“We’re in close contact with the FAA as this finalization proceeds, in regular communication with the FAA at its request,” he said. “I have calls with staff there regularly. We’re also a part of the Advanced Air Mobility Supply Chain Working Group created by the FAA and led by NASA. In this group, we are figuring out how air traffic control will work, the standards for charging eVTOLs, how bright the lights need to be at the landing pads, what pattern of lights, etc. The pads are just about nailed down, but the hardware component for air traffic control on the ground, whether that will be an antennae system or a system using cell towers, will be decided sometime this year.”
Fisk added that Volatus has also sought out industry experts in developing its vertiport designs.
“They’ve ensured we stayed on the right track since day one,” he reported. “We feel confident we’re going to be very accurate in our design to meet FAA regulations.”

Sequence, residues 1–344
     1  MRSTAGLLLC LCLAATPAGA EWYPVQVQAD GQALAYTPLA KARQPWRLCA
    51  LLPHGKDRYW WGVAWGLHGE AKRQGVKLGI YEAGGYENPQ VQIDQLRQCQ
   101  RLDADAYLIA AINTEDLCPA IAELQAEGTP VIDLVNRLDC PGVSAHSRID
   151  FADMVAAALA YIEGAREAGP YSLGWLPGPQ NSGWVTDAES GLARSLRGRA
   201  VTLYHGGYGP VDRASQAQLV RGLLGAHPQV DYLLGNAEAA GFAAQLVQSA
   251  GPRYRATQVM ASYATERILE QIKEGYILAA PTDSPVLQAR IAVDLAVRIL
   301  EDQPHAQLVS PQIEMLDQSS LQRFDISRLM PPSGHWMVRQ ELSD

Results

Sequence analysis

Of course, each vertiport is also a regular construction project, he noted, so it must be compliant with local building codes.
Archer is also working with the FAA. Director of business development Andrew Cummins said that his team believes that vertiport regulations will become more flexible over time. “That will enhance our ability to use space efficiently and allow a broad network of sites.”
Once a vertiport is defined by the FAA and its specs made official, state governments and municipalities can get on with developing their ordinances and regulations, said Rex Alexander, president and executive director at Five Alpha.
However, municipalities will also need national fire code and building code standards. “Without these standards in place,” Alexander said, “insurance companies will be extremely reluctant to insure this new infrastructure. This is not only true for accident claims, damages, theft or other incidents, but more importantly for investment protection.”